Getting To The Root Of Piriformis Syndrome

Published: 17th February 2011
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When the Piriformis muscle becomes small or inflamed it might put pressure on nerve roots in the lower back, normally called the 'sciatic nerve'. When this happens it can bring about a severely painful condition called Piriformis Syndrome. Piriformis Syndrome is regularly misdiagnosed as something else, and can be caused by either over-use or under-use of the muscle, straining the muscle, inflammation, trigger points (muscle knots), or weakness from imbalanced muscle groups.

Piriformis Syndrome is frequently overlooked and incorrectly diagnosed as 'sciatica' because of the fact that it will often cause the numbing and prickling sensation in one of or both of the legs that is regularly associated with sciatica. It's troublesome to name Piriformis Syndrome properly, but it is the central possibility when there is sciatic nerve pain without any injury to discs or the spine.

This painful condition can also be created by motionless gluteal muscles, specifically the gluteus minimus and the gluteus medius. These gluteal muscles help to rotate the leg and extend the hip. Taut hip flexors are one of the main causes for under used gluteal muscles, which is typically caused by too much sitting. This makes the piriformis and hamstring muscles work harder than they are made to, which can lead to an over-worked piriformis muscle.

If Piriformis Syndrome is induced by weak or tight muscle groups, a great treatment is to stretch whichever muscles tight, and strengthen the muscles which are feeble. This is regularly called muscle balance therapy. A well planned exercise procedure that targets muscle groups in the accurate way can reduce or eliminate the symptoms and annoyance of Piriformis Syndrome.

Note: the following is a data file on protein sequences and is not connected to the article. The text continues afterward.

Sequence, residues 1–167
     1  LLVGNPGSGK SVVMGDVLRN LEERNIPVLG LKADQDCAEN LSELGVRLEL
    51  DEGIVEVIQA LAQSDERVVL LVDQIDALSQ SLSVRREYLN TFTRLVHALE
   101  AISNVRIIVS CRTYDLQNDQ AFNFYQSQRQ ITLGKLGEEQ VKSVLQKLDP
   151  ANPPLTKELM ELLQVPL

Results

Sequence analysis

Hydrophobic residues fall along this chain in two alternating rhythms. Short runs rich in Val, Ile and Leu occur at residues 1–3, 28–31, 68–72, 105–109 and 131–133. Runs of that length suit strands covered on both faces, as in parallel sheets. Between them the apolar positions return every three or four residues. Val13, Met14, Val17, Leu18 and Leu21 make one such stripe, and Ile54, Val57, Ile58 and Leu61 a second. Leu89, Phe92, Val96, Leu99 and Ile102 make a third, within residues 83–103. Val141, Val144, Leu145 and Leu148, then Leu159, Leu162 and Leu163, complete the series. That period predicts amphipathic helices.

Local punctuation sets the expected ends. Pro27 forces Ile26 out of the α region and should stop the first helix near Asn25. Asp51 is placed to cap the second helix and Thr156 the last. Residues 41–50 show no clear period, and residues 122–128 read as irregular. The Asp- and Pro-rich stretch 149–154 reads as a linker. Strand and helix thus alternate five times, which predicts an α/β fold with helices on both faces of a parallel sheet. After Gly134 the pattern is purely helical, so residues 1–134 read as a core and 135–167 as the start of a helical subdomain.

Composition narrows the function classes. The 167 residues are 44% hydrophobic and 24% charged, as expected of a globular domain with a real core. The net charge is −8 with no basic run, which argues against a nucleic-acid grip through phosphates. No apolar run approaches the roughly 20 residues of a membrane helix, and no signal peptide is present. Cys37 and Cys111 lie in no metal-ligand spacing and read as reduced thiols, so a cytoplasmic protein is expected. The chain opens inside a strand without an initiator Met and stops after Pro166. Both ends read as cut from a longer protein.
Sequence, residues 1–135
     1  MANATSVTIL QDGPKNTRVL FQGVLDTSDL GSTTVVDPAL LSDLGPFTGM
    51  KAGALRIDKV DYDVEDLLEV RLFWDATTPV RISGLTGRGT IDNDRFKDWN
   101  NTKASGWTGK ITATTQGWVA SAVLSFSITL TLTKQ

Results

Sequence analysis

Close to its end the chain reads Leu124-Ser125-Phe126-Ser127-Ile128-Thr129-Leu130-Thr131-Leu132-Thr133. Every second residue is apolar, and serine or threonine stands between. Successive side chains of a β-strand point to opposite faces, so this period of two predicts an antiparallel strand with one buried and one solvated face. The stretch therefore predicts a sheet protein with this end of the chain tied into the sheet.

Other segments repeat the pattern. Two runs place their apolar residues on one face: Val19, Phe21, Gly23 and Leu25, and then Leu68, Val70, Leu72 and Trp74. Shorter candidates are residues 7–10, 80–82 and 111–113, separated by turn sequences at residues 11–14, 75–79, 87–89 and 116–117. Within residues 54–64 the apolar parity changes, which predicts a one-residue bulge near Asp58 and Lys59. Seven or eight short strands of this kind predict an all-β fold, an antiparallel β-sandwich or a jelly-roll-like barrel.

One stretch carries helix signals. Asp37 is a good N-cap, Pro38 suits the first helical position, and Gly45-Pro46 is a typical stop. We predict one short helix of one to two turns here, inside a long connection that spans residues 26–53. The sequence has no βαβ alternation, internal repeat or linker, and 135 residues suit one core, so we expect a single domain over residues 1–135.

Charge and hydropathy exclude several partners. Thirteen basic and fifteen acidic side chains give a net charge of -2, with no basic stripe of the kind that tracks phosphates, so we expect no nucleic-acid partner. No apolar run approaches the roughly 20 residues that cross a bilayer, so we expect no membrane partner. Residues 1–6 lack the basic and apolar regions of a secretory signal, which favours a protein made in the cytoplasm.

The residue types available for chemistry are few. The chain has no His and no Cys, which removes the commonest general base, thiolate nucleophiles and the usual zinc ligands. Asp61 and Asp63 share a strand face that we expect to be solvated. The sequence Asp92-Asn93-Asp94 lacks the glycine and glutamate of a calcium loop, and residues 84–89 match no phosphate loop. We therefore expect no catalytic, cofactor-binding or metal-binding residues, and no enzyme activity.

One more common reason for Piriformis Syndrome is trigger points, also known as muscle knots. Getting to these trigger points will often be tricky, but when you have located a trigger point it is usually quite easy to relieve. Trigger points are broken up by applying medium-hard pressure on the contracting muscle fibers that are making the 'knot'. Although, this can be very painful to do, but it generally only takes around 30 seconds of applied pressure before the trigger points break up.

This irritating condition can be resolved by finding a good massage therapist that is trained in dealing with trigger points and myofascial pain, but not all massage therapists are trained to locate and treat trigger points in this particular muscle. It can be very difficult to access the trigger points in this area, so they usually go untreated.

Another way to lower the pain of this condition is to do correct piriformis stretches to aid in lengthening the short tight muscles and limit the pressure being put on the nerve roots, which is what causes most of the pain.

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